Another blatant example of Google My Business’ arbitrary & selective policy enforcement is the ubiquitous nature of spam in Google maps. These are businesses that blatantly and obviously break the rules set forth by Google by either operating at location that doesn’t exist, or stuffing keywords into their business name to game the algorithm to deliver their business listing as a result when specific phrases are searched. GMB regularly lets these businesses operate with this violation in plain sight, but requires other businesses to jump through endless hoops to try to get their listing reinstated.

Don’t take my word for it, do a search for a local business category on Google right now (like “City + Business Category”) and expand the local results to view all of the business listings. When you see businesses listed with the city name, category name and keywords listed as their business name they are blatantly violating Google’s policy (unless that is their official business name, which is almost never). Since the business name is so heavily weighted in importance in the GMB local algorithm, those businesses often win top visibility, thus suppressing those that follow GMB’s policy by not engaging in this spammy tactic.

Google My Business (GMB) Has Assumed the Role of a Utility

My experience in advertising started with the phone book. Hard as it may be to believe today, to many businesses if you weren’t listed in the annually released phone book you wouldn’t plan on getting much new business that year. The yellow page directories published by the phone company (often called “Telco books”, not the privately printed phone books like “Yellowbook”) were regulated by the FTC and were required by Federal law to print a business’ name, address and phone number alphabetically in the white pages and in the proper Heading of the yellow pages – called an “SRL” – Service Regular Listing. The phone companies acquiesced to this regulation-required publication and employed thousands of people to administer the process of organizing, publishing and distributing phone books because of the huge advertising revenue generated by the display ads. The juice was worth the squeeze.

Today, phone books are essentially gone and Google has assumed the responsibility of this public utility service and gains the enormous benefit of the advertising revenue (nearly $150 Billion per year), yet bears none of the responsibility to competently administer & display the business information phone companies once did.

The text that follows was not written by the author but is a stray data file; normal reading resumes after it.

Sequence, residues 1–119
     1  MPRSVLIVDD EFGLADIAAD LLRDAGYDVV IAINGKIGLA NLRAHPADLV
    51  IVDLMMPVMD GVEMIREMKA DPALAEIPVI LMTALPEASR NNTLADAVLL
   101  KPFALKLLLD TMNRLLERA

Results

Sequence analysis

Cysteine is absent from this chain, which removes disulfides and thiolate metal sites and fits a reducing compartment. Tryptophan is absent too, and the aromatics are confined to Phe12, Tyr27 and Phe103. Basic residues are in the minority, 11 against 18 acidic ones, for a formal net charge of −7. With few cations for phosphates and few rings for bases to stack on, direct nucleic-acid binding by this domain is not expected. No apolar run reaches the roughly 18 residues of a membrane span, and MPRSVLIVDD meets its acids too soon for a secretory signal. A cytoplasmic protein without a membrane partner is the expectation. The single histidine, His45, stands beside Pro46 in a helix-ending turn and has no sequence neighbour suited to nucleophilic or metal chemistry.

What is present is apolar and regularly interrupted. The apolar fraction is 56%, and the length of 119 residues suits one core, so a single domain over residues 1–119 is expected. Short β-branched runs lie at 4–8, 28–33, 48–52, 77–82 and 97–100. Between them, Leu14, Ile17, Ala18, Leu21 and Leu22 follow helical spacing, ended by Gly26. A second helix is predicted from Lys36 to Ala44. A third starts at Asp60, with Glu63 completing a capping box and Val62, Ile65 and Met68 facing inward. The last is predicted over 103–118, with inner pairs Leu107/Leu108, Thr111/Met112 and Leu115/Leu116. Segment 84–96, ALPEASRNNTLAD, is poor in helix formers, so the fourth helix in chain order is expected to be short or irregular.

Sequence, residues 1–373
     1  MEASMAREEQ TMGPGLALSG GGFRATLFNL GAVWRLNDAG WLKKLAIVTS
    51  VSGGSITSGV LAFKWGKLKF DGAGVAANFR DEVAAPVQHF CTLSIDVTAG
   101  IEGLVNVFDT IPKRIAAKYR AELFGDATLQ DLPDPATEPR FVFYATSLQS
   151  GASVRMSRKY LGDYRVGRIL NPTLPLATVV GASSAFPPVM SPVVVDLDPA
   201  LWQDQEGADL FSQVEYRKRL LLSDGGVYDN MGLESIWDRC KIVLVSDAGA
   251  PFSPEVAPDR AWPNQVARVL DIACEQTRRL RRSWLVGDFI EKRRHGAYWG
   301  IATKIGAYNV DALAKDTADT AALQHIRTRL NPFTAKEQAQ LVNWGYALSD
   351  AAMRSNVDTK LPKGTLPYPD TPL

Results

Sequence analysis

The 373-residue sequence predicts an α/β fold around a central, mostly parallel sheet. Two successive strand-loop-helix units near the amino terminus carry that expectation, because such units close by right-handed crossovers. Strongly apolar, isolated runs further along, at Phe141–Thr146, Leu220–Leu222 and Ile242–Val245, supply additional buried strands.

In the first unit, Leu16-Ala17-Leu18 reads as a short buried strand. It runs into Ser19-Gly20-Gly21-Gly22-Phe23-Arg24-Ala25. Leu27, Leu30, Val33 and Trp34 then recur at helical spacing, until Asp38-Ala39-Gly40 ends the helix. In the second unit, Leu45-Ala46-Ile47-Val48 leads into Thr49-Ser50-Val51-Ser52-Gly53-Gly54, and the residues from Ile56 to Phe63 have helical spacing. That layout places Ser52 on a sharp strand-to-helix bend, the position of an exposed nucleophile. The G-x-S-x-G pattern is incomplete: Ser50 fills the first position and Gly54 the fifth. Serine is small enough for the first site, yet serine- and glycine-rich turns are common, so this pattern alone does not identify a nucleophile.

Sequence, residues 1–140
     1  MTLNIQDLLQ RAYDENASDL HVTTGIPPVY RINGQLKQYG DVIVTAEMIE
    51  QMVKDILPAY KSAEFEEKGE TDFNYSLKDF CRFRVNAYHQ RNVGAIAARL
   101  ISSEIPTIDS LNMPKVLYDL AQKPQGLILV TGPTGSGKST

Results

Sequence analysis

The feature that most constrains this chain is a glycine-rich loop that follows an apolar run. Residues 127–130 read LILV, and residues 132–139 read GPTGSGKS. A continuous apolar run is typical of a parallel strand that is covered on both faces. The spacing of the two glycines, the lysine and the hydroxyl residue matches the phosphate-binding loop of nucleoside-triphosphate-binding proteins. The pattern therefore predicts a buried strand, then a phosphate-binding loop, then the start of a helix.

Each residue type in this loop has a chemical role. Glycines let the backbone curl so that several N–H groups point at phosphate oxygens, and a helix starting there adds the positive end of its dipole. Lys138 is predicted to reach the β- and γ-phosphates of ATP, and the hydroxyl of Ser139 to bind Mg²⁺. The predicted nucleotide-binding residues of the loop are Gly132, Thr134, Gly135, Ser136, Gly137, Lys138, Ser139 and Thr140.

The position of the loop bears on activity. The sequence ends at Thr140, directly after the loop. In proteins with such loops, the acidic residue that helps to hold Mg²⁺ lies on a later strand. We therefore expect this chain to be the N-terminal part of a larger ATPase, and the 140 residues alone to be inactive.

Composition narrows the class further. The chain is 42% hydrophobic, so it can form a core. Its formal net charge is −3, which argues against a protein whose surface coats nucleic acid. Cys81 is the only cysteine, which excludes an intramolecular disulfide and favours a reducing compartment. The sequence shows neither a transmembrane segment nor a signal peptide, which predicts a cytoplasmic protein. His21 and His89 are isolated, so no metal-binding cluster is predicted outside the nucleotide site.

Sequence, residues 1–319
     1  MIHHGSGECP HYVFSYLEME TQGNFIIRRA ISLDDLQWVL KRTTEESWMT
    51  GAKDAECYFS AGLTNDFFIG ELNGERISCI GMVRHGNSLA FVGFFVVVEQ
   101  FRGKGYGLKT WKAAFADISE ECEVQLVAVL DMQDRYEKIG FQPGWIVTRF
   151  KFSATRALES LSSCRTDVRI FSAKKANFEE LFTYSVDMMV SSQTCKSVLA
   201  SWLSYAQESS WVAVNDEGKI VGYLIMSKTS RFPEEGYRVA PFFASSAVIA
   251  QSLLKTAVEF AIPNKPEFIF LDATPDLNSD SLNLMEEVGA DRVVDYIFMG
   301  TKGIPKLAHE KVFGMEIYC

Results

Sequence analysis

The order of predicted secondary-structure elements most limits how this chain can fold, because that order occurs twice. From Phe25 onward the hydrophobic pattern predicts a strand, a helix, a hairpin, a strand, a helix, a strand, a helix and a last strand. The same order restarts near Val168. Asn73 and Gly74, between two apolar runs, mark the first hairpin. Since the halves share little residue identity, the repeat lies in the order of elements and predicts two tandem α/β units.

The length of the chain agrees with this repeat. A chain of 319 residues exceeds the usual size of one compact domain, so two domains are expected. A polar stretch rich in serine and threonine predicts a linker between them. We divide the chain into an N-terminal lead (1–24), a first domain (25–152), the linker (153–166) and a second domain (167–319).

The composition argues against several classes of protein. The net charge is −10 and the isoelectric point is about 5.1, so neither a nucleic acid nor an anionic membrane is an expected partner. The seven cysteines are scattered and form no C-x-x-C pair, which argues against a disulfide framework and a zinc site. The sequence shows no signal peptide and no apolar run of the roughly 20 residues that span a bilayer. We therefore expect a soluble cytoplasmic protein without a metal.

Alternatives to Regulation

I personally, (and I believe most digital marketers) don’t want GMB to be regulated by the US Government, but I’ve arrived at this conclusion because the requests of agencies like mine and tens of thousands of business owners have fallen on deaf, indifferent ears for years. Here are some of the solutions that either I, or other business owners and agencies suggest that could solve some of these critical issues:

  • GMB should warn business owners & managers of a pending suspension through the GMB dashboard & Email notification, provide the steps to take to solve the issue prior to suspending the listing, and not remove the listing while the evidence is being reviewed.
  • Allow your reinstatement contractors the flexibility to use good judgement when considering evidence submitted. GMB is often dealing with small business owners who have families & employees to feed, many of whom are not technically adept.
  • If a reinstatement is denied, GMB should provide specific reasons and the actions required to fix the issue(s).
  • While under suspension, GMB should allow the business’ name, address, phone number & website address to be displayed if searched specifically by name until fully reinstated.
  • Charge a nominal fee to administer GMB. While unpopular to some, the business community would rather pay a reasonable fee to reduce spam and offset the administration cost, when the alternative is disappearing from Google’s business listings for weeks or months while having to navigate a murky reinstatement process managed by contractors who have no vested interest in a US business’ success or demise.
  • Spam businesses and business name keyword stuffing is relatively easy to identify. When it’s reported, take action quickly to reduce the incentive for spammers to adapt.
  • Be better. Google previously used the phrase “Don’t Be Evil” in their Code of Conduct. Although that statement has been removed, business owners ask that they still abide by it.

What Can You Do?

If you are interested in supporting this, I recommend that you contact the following organizations:

If you’re reading this and your business listing was suspended and you’re now in the reinstatement hamster wheel, I and thousands of business owners know your frustration. The websites & forums I’ve linked to within the article may be able to offer some help. Unfortunately, unless GMB voluntarily changes their policies, or is forced to change nothing will happen.

About The Author

Doug Bradley
I work with law firms to increase their presence on search engines through website optimization. Marketing a law firm hasn’t been “like it used to be” for a while now and the only guarantee is that it will continue to change. Learn more about my experience here.